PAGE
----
Bratz: The Movie's first sequence immediately establishes a tone of psychotic peppiness, as the bratz (they spell it with a Z cause they're from zee streets) approach choosing outfits for the first day of high school with disconcertingly orgasmic glee. Ah, but Bratz: The Movie isn't afraid to delve into deep issues as well. One of the girl's totally has divorced parents. :( Another, like, left her turquoise shirt at her friend's house.
Bratz veers into after-school-special territory when one of the girls literally runs into a boy who's cute but also totally deaf, and they have the following exchange:
Brat: "What are you, blind?"
Totally Hot Deaf Guy: "No, but I'm deaf."
Totally Hot Deaf Guy: "I'm deaf."
Brat: "You don't sound deaf."
Totally: "Well, you don't look ignorant, but I guess you can't judge a book, right?"
Ah, but Bratz isn't done teaching valuable life lessons about how the deaf are just like you and me, only hotter, and way better DJs. In the below clip, the hot hearing-impaired dude learns that being deaf and def are not mutually exclusive when a sensitive Mr. Chizips type teaches him how to fuck shit up old school on the turntables:
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See, so he isn't just a brooding, telegenic deaf guy: He's a deaf jock who loves playing the piano, and is also an awesome DJ. He's got five minutes of screen time and 18 different facets to his personality. I half expected the deleted scenes to reveal that he's also an orphan, a Jehovah's Witness, a Monarchist, double-jointed, telekinetic, and an illegal immigrant.
The four bratz enter high school totally psyched and intent on ruling the school in their respective niches. "I'm owning the science!" enthuses the hot Asian science geek with rad cotton-candy-blue hair extensions. That line is followed by the record-skipping sound effect that serves as bad-movie shorthand for "Oh snap, something seriously zany just happened!"
This vexes the hot black cheerleader, who frets, "Okay! Work the I.Q., girl, but please don't lose your passion for fashion!" The message is clear: learning about science and stuff is all well and good, as long as it doesn't interfere with the superficial things that really matter.
Despite their oft-repeated promises to remain Best Friends Forever, the girls are pulled in opposite direction by their overriding passions. The jock abandons her friends to hang out with the jocks. The cheerleader kicks it with the cheerleaders, the hot geek blends in with the brains, and the girl with little discernible personality but a gift for making bitchin' clothes presumably hangs out with other girls with little discernible personality.
We then flash-forward two years. The girls' utopia of shared clothes and daily video-IMing chitchats has died an unmourned death at the hands of cliques and the narrow-minded tyranny of the school's most popular student. In a moment of haunting sadness and visceral emotional power, two of the Bratz reconnect briefly over their shared love of Peach Party lip gloss, only to watch their fragile bond dissipate just as quickly.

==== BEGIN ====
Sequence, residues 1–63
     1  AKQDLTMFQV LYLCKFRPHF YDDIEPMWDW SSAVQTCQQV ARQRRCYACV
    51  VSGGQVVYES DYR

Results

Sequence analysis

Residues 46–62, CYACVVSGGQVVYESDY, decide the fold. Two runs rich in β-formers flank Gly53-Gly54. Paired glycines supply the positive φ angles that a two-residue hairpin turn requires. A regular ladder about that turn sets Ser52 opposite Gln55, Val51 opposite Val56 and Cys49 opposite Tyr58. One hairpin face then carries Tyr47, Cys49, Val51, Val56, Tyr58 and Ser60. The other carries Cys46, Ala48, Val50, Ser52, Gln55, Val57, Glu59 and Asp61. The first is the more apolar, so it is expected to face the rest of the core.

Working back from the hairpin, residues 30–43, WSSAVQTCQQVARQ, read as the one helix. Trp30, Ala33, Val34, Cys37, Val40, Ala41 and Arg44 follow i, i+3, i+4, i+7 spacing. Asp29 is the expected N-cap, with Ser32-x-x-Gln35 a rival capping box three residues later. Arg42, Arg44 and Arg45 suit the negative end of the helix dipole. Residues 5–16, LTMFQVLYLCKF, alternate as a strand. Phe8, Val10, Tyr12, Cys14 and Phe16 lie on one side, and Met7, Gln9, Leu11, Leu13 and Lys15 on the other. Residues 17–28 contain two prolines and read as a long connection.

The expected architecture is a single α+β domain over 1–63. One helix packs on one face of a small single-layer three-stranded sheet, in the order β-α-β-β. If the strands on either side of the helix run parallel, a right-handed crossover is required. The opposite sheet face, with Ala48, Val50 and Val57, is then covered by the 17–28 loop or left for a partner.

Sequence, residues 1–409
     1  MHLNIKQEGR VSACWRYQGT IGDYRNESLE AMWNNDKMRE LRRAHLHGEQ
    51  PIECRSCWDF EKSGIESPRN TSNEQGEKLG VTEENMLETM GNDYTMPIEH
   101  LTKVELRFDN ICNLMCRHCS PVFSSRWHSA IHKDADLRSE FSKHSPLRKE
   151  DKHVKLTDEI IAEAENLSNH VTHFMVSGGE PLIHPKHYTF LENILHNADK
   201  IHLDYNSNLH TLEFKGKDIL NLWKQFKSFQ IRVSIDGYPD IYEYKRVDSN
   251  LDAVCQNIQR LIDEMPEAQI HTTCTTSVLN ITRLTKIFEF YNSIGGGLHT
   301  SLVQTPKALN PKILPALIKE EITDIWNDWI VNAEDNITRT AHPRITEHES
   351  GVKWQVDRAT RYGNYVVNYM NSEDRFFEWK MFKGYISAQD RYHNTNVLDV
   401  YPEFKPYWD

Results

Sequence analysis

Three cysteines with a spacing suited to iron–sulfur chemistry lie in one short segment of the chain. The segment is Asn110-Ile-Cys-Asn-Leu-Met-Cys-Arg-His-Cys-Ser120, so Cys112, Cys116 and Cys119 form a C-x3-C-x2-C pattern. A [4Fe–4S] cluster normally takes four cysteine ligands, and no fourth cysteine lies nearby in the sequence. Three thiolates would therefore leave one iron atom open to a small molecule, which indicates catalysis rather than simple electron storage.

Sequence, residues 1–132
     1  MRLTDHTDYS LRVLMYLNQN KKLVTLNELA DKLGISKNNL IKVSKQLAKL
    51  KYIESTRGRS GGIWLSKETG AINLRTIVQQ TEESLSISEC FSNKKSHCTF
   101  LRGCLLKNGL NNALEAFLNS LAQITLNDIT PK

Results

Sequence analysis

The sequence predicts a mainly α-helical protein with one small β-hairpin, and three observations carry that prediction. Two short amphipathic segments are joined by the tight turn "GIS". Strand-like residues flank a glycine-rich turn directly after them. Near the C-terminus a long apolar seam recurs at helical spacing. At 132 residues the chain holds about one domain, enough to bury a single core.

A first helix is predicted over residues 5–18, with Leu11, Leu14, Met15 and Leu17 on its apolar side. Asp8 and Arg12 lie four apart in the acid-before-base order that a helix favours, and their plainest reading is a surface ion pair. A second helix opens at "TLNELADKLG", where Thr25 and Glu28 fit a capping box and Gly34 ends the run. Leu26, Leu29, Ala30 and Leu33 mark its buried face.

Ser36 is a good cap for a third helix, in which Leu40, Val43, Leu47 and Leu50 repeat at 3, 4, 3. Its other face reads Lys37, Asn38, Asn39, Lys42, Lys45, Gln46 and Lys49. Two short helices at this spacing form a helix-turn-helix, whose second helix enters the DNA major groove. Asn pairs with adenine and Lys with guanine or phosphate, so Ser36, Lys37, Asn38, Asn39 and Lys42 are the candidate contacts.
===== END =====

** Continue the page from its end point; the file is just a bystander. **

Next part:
Then, with the help of some shopping-and-trying-on-makeup montages, the Bratz's friendship is restored. These montages contain the film's defining sequence, in which a gaggle of prepubescent girls gaze adoringly at the Bratz. In their infinite kindness, the Bratz decide to provide makeovers for these 8-year-old representatives of the film and toy line's target audience. The moppets begin as ordinary girls, a little awkward and ungainly. Then the Bratz slather on the whore makeup and transform their pint-sized protégés into creepily sexualized JonBenét Ramsey doppelgängers. Oh, if only they could reach through the screen and do the same for all the 8-year-olds in the audience! In spite of such blatant pandering, Bratz mercifully bombed at the box office, grossing less than $10 million in its domestic run, thereby sparing the world an endless procession of Bratz sequels and knock-offs.
The girls' bond and commitment to subverting the dominant paradigm threatens the school's most popular and ruthless student, a pretty blonde tyrant that Chelsea Staub plays as a cross between Josef Stalin, Paris Hilton, and Tracy Flick from Election. Staub's father, incidentally, is played by Jon Voight, though to be fair, he probably only took the role to pay back Bratz producer Steven Paul for giving Voight his career-making role in Superbabies: Baby Geniuses 2, as an ascot-wearing, smoking-jacket-and-Hitler-mustache-sporting German businessman engaged in a decades-long, multi-continent struggle with a super-scamp who travels around in a flying car and never ages. Voight is, after all, loyal. And completely insane. (For further proof, check him out in David Zucker's far-right-wing Christmas Carol spoof An American Carol. On second thought, don't. You'd only be encouraging him.)